For instance, Oh Father stays stubbornly slow but in a claustrophobic way as if it surrounds us. It's never interested in generating many notes but all of them sustain and Lisa Martens Pace's bass is a thing of joy here, easily audible and powerfully relentless. Giant Speaks, which is the single off this EP, is the only chugger in the traditional sense. It's certainly faster than Oh Father but that's not the same thing as being fast.

These songs remain imaginative too. When other thrash bands slow down, they tend to play in the same way, just slower. Here, the slower pace gives the various members opportunity to do things that they either couldn't do or which just wouldn't work at speed. Bettina France, for instance, is able to endow her vocals with a lot of nuance here, playing with intonation to impart emphasis on how she wants to say something, not just on what she wants to say. On Roadkill, she was more like a typical soaring heavy/thrash metal vocalist. Here, she sings without losing any power.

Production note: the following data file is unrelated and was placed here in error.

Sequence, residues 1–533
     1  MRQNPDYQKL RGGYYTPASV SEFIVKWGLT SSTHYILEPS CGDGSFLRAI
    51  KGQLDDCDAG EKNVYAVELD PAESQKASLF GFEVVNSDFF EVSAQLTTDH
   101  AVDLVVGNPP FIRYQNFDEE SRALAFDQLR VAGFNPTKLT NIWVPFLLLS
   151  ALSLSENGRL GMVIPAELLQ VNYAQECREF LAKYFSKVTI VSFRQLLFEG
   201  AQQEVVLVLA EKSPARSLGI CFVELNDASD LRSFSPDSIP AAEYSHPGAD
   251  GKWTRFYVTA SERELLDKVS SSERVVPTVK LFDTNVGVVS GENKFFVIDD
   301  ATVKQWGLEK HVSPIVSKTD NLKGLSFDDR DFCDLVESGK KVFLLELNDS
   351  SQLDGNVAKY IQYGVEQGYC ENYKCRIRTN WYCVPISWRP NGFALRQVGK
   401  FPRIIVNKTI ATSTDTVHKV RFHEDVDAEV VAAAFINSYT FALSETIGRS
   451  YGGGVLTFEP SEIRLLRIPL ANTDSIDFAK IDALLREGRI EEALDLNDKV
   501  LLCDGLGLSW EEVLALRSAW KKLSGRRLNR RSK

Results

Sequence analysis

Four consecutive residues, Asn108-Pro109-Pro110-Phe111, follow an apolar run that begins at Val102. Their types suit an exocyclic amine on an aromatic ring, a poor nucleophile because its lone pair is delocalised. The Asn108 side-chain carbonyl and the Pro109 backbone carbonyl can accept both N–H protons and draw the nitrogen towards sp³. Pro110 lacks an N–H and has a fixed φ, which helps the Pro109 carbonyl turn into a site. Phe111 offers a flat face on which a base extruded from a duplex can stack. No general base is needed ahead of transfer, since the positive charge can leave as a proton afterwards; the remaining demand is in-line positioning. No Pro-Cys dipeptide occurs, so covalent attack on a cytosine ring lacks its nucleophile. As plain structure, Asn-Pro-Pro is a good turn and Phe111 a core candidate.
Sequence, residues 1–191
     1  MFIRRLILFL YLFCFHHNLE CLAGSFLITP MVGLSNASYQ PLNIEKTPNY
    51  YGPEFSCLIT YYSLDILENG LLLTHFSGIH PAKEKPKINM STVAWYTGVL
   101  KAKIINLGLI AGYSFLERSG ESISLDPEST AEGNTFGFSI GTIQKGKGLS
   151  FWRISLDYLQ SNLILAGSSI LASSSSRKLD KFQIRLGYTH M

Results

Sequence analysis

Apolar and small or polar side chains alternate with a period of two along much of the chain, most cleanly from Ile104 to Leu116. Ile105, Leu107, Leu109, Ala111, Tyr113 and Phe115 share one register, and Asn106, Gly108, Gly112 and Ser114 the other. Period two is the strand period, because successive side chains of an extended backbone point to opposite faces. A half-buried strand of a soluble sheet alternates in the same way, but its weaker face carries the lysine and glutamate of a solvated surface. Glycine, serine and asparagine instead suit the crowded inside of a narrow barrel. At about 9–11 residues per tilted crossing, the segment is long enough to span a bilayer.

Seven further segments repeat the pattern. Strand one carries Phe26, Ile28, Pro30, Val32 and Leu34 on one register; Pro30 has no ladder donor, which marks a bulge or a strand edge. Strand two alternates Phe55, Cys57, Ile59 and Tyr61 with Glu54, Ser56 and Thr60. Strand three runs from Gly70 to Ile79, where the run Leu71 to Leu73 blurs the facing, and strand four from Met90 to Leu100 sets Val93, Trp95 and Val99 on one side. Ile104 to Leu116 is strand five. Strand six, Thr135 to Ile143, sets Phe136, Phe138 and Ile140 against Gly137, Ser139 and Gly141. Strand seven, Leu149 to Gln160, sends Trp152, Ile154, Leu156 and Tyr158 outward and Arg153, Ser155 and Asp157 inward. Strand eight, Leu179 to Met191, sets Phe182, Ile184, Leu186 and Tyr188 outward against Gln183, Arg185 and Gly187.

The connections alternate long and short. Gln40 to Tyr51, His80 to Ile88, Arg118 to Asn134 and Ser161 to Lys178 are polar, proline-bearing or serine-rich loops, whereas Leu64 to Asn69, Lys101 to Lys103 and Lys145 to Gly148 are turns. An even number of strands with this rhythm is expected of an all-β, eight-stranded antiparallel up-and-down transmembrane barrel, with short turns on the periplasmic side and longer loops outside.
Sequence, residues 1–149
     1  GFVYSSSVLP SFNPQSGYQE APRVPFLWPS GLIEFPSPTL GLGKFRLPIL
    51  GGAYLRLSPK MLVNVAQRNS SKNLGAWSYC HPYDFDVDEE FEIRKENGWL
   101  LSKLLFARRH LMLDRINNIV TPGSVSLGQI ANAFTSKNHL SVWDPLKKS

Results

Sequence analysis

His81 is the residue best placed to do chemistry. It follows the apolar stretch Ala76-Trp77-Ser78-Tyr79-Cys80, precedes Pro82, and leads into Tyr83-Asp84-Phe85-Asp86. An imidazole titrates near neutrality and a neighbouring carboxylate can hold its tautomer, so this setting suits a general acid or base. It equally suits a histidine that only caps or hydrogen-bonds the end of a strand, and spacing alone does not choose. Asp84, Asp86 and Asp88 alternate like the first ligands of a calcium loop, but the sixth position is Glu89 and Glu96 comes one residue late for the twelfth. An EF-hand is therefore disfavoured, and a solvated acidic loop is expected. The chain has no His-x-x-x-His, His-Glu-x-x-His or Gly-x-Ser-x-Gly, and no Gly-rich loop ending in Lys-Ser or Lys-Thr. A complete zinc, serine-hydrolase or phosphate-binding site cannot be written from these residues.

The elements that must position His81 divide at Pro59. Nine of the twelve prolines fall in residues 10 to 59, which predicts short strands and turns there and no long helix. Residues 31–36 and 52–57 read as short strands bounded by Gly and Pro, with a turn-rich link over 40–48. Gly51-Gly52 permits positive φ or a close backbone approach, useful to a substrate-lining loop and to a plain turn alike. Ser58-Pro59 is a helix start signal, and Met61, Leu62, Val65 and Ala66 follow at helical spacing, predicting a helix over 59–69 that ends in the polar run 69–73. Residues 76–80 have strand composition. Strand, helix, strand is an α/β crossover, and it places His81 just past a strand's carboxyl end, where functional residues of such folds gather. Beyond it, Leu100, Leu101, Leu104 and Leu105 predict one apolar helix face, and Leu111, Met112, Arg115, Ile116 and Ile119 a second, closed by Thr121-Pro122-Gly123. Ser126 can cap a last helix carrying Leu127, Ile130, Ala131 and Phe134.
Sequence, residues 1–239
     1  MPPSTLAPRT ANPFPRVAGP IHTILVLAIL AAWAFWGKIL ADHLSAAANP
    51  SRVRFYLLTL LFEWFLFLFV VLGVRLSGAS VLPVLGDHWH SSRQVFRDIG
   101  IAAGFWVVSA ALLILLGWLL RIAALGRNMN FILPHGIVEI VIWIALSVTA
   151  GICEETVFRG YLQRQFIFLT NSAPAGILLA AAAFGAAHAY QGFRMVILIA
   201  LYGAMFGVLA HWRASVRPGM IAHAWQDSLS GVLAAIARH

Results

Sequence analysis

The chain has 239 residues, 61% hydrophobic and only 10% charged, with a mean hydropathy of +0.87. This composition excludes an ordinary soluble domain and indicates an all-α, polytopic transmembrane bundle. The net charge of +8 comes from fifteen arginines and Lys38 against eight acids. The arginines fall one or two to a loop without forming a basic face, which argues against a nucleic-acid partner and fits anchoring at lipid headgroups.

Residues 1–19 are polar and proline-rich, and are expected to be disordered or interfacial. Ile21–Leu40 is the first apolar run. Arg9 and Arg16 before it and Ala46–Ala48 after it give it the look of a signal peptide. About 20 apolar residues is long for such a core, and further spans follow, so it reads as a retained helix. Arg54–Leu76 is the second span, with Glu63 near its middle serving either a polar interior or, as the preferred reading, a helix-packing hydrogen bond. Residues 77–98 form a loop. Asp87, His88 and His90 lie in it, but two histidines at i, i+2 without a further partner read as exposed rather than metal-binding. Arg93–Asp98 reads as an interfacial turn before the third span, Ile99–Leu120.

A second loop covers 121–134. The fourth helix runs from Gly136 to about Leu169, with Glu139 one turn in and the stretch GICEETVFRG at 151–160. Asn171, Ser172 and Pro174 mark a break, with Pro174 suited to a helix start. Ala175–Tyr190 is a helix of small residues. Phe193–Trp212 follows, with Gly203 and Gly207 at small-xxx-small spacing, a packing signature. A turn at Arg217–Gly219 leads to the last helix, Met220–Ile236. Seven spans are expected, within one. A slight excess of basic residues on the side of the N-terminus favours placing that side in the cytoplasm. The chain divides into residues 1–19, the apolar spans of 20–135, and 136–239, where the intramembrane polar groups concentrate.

And that's pretty much it, because this is only a four track EP running under twenty minutes. Only Oh Father exceeds five minutes and then only by one more. I hope the band get good feedback for this and a strong welcome back from the community too. They toured a couple of years ago as the support for John Petrucci's solo tour, which made sense if his wife Rena Sands, a founder guitarist of Meanstreak, was there anyway, but they deserve that sort of promotional push entirely on the merits of their music. I never got see them live back in the eighties and quietly assumed that that was never going to happen. Now it seems possible and I look forward to the opportunity.